• 343. • Patients who are sensitive to pain. • Patients who have compromised PDL conditions. • Where tooth movement is deliberately slowed down i.e when the patient may not be able to visit the orthodontist regularly or poor patient cooperation www.indiandentalacademy.com
  • 344. • • • • • Cu – NiTi generates more constant force over long activation spans. More resistant to permanent deformation. Exhibits better springback properties. Exhibits smaller drop in unloading forces (reduced hysteresis). Provides precise TTRs at 4 different levels – Enables Clinician to select archwires on a case specific www.indiandentalacademy.com
  • 345. www.indiandentalacademy.com
  • 346. ALIGNMENT: Principles of choice for alignment arches: 1. Arch wires for alignment should provide light, continuous force of approx. 50 gms. 2. Arch wires should be able to move freely within the brackets. 3. Rectangular arch wires which fit tight within bracket slots so that position of root apices could be affected – should be avoided. www.indiandentalacademy.com
  • 347. In Finishing Stage: Appropriate stiffness at relatively small deflections rather than range is primary consideration. If rectangular A-NiTi is used in finishing stage – Torsional stiffness must be considered in choice of wire. M-NiTi usually is better choice (21 x 25 M-NiTi for 0.022 slot) for rectangular NiTi wires www.indiandentalacademy.com
  • 348. • True thermoelastic alloys may therefore be indicated for early torque control during the alignment phase of treatment and in periodontally compromised patients. www.indiandentalacademy.com
  • 349. 1. DUAL FLEX ARCHWIRES Invented by James L Cannon. Consists of anterior and posterior segments of different stiffnesses. a. Dual flex Archwire # 1 - Anterior segment – 0.016 Titanal (Nickel titanium) - Posterior segment – 0.016 Stainless steel. www.indiandentalacademy.com
  • 350.   Anterior segment flexible – Easy Bracket engagement in crowded anterior teeth.  Posterior segment rigid – 1. controls rotation 2. prevents tipping from elastic traction 3. Permits bite opening bends to be made easily. www.indiandentalacademy.com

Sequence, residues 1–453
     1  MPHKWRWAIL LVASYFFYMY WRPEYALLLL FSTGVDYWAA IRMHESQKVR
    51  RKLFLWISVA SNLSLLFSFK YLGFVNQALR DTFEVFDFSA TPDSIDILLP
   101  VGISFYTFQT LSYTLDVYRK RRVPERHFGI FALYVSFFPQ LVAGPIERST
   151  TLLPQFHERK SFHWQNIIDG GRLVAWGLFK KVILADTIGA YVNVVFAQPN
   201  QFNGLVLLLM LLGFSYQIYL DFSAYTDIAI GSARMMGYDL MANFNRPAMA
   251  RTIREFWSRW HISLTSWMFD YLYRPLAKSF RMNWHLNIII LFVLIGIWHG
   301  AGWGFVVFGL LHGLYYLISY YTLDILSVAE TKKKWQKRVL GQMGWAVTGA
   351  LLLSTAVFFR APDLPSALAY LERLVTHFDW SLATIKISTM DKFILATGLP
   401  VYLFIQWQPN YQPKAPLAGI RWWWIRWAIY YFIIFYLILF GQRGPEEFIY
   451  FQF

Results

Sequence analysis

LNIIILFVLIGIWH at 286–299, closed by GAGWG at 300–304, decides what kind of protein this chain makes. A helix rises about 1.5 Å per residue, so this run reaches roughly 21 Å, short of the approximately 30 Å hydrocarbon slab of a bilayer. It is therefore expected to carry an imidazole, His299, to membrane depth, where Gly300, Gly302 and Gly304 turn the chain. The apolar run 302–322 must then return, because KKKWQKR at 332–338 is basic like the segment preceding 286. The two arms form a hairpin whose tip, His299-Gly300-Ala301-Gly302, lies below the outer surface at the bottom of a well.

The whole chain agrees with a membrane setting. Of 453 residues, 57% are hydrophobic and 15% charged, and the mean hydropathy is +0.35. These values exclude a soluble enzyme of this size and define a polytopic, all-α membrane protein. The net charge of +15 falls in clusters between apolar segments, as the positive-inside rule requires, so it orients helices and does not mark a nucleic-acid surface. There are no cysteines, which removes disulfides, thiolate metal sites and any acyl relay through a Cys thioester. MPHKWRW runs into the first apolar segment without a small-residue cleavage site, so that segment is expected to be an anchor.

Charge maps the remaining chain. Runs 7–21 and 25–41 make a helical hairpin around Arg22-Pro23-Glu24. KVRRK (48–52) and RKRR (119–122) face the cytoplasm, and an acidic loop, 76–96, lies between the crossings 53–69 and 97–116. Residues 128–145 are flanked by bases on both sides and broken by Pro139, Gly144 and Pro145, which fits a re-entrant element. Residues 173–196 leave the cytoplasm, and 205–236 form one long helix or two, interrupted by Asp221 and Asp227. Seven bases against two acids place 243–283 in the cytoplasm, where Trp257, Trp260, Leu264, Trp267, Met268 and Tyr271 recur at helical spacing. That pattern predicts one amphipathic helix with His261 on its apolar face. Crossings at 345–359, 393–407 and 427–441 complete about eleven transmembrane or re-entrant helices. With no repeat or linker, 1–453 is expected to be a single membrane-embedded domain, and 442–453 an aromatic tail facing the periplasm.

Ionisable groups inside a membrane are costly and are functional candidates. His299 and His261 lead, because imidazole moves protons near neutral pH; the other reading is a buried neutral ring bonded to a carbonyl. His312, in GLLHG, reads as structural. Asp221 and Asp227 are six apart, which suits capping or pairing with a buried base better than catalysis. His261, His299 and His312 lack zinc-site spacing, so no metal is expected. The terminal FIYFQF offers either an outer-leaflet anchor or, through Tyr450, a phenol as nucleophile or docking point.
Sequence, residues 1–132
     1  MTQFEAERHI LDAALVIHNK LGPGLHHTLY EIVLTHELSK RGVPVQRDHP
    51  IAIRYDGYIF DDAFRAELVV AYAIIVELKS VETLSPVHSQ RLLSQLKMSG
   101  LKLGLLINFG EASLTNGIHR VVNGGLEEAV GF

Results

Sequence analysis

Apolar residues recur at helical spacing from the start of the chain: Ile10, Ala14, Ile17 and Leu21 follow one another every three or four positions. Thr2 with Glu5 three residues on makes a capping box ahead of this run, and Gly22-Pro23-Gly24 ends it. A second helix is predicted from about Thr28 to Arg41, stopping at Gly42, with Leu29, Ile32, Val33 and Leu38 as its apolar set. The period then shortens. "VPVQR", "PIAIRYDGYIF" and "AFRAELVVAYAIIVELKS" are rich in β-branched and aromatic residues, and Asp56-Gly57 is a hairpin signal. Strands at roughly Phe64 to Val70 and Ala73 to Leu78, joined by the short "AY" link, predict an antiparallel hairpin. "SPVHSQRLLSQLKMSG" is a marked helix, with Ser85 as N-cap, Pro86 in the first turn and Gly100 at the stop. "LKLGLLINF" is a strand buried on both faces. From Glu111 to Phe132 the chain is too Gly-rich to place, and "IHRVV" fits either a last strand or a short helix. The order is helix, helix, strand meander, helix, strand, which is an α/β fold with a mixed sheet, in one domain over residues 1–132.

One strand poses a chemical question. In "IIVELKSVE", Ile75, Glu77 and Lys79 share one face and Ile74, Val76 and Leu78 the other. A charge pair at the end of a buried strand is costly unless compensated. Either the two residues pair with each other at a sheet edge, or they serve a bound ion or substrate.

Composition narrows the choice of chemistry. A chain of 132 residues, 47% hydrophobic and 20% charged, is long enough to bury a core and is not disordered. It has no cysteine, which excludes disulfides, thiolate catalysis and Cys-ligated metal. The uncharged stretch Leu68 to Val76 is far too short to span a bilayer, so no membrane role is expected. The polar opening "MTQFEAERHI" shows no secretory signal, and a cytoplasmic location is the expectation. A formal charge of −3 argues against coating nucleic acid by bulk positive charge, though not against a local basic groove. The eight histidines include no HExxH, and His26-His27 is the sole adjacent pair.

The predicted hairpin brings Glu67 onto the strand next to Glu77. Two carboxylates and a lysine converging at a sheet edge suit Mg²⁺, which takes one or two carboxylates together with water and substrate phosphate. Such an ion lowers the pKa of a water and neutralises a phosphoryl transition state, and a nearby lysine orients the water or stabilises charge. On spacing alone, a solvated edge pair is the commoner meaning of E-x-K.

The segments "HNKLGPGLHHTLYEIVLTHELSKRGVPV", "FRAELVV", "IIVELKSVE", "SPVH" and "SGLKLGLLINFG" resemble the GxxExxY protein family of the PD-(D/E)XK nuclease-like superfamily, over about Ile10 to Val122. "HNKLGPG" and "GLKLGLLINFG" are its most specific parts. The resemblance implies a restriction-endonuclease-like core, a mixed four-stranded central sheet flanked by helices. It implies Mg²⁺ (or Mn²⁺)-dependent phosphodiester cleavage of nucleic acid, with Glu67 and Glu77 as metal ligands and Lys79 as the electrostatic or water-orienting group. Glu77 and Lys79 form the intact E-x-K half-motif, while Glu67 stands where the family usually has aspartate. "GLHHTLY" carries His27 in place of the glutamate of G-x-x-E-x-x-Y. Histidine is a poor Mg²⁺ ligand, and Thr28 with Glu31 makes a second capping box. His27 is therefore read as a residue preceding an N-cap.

• 351. Dual Flex Archwire # 2: • Anterior segment – 0.016 x 0.022 Titanal. • Posterior segment – 0.018 stainless steel • For use with combination bracket when retraction of anterior teeth in upright positions which doesn’t utilize all of the extraction sites www.indiandentalacademy.com
  • 352. • By Ortho Organizers • Nitanium Total Control Archwire • Superelastic bendable Nickel Titanium archwire • Accepts 1st, 2nd and 3rd order bends permanently • Low friction wire. www.indiandentalacademy.com
  • 353. • By introducing variable TTR within same archwire. • This takes the form of graded force delivery within the same aligning archwire • The heat treatment of selected sections of the archwire by means of different electric current delivered by electric pliers modify the values of the deactivation forces by varying the amount of austenite present in the alloy. www.indiandentalacademy.com
  • 354. • A Graded Thermodynamic Wire • After heating the anterior segment for 60 minutes, the linear plateau of the deactivation force dropped to 80 g in a 3-point bending test at room temperature. • Similar manufacturing procedures have been perfected to produce wires such as Bioforce Sentalloy (GAC) that are able to deliver selective forces according to the needs of the individual dental arch segments www.indiandentalacademy.com